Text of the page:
Far be it for us to start defining, but lots of people have asked.
We’re sticking with good old Wikipedia: ‘Digital art is a general term for a range of artistic works and practices that use digital technology as an essential part of the creative and/or presentation process.’ (Wikipedia)
And posting links to a series of articles, videos, examples and illustrations that we hope might help you get your own handle on the term. Do email us with anything else you think we should include (email joverrent (at) mac.com).
Arts Council England fund a number of organisations working in digital, stating: Digital technologies enable artists to connect with audiences in new ways, bringing them into a closer relationship with the arts and creating new ways for them to take part. They also support the development of new business models, new networks and new forms of creativity.
National portfolio organisations with a role promoting digital innovation include: Furtherfield, B3, Blast Theory, Redeye, Axis, Impressions Gallery, Phoenix Arts, Somerset Film and Video, Knowle West Media Centre, Threshold Studios, Nottingham Media Centre (Broadway) and Berwick Film and Media Festival.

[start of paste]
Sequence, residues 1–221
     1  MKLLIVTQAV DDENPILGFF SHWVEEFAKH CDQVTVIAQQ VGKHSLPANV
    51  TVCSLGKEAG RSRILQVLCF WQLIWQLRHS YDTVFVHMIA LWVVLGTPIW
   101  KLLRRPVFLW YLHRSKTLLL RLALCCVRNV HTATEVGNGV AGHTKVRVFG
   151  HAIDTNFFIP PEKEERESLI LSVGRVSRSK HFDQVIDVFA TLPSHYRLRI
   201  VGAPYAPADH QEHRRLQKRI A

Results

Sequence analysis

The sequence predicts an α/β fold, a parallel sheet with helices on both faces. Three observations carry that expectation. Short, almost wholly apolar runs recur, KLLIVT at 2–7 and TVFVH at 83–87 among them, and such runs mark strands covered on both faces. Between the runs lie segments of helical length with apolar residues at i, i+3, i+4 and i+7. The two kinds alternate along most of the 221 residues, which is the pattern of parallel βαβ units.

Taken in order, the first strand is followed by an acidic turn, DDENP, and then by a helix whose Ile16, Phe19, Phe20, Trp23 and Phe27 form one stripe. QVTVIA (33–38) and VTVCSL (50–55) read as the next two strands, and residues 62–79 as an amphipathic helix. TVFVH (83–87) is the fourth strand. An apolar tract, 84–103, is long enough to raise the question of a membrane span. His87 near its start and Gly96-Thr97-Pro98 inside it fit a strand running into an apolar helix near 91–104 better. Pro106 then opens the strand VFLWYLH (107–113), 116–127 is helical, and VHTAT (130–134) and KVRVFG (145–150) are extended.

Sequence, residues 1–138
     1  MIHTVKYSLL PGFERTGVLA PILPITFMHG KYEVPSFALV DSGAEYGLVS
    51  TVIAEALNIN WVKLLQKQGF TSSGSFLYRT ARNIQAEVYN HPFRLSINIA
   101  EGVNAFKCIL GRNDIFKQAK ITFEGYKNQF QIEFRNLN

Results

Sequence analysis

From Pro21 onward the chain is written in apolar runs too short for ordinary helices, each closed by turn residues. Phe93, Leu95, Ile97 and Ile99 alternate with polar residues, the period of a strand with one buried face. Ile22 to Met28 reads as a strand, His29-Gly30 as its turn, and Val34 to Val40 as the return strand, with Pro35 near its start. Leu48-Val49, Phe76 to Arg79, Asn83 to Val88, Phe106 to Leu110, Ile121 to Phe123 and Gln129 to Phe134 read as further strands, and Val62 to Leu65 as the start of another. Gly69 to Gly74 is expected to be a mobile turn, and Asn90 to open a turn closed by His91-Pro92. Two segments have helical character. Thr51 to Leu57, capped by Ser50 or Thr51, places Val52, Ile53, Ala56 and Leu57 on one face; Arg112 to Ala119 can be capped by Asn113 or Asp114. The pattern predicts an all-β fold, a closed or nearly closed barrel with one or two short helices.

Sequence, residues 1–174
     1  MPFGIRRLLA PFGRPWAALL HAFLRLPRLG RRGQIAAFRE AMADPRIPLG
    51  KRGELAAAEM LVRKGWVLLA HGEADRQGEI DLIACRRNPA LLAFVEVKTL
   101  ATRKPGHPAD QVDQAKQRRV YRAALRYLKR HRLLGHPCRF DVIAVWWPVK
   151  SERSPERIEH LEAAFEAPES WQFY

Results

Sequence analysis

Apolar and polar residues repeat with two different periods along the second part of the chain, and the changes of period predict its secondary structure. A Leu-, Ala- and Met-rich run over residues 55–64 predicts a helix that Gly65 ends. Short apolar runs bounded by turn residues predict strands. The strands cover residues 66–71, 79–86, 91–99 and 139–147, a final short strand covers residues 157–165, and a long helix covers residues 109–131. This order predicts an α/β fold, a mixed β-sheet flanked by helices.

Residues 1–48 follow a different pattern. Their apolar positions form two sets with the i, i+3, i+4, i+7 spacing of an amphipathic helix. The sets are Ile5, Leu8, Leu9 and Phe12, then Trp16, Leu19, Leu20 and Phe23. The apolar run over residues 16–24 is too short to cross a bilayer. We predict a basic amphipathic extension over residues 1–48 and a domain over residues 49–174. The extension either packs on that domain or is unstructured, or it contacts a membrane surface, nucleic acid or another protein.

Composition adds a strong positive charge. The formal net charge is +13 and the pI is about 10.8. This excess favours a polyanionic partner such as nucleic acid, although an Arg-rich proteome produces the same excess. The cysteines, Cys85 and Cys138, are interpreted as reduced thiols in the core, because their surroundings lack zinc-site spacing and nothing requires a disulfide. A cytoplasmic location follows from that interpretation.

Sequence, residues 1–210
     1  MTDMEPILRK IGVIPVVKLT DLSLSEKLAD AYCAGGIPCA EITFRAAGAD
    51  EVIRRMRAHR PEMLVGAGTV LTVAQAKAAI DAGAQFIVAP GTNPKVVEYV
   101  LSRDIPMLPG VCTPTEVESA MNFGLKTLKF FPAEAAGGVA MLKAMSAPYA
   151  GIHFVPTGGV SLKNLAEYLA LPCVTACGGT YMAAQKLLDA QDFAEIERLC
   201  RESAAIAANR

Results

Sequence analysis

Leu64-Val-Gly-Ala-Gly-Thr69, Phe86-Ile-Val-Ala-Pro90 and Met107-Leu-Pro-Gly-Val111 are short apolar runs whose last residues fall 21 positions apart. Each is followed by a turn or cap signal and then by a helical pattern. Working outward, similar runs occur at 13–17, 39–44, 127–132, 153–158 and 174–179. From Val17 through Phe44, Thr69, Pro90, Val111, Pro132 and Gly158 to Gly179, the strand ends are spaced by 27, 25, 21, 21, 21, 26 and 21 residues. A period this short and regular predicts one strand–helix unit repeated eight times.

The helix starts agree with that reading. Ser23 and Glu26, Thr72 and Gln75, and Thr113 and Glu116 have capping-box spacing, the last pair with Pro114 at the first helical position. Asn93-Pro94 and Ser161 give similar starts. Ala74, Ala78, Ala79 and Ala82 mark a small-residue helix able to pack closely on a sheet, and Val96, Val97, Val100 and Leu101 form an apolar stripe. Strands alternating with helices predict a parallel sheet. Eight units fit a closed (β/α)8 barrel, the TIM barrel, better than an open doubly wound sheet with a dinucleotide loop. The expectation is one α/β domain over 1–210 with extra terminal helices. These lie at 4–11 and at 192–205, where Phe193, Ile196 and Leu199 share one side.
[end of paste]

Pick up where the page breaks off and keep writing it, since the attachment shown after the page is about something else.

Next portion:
In addition, media or cross-artform organisations are a key part of the infrastructure for the development, production and distribution of this kind of practice and these include FACT, Lighthouse, Cornerhouse, and Watershed, in Bristol.
Watershed is the home of iSHED and the Pervasive Media Studio, where they play with all things digital and quite a lot that’s not. They have many resources you can delve into; maybe start with this article by Victoria Tillotson, iSHED Producer which gives an accessible overview. And as she says, “Try not to get hung up on digital, it’s experience that matters.” Their about page also gives links to loads of useful content.
NESTA and Arts Council England have a specific Research and Development fund for digital work – you can see what they funded as their pilot projects, and in their first round of grants. You can also watch video’s and listen to audio from the recent Digital R&D Forum they ran in Manchester, or check out their resources page, focusing on knowledge networks and copyright and intellectual property rights.
There is a ‘creative case’ essay on Digitising Disability by Jo Verrent focusing on the work of artists such as Ju Gosling, Simon McKeown and Merce Cunningham, as well as where on Grand Theft Auto you can steal a wheelchair. (Creative Case is Arts Council England’s re-imagining of diversity and equality, setting out how these areas can and should enrich the arts for all society).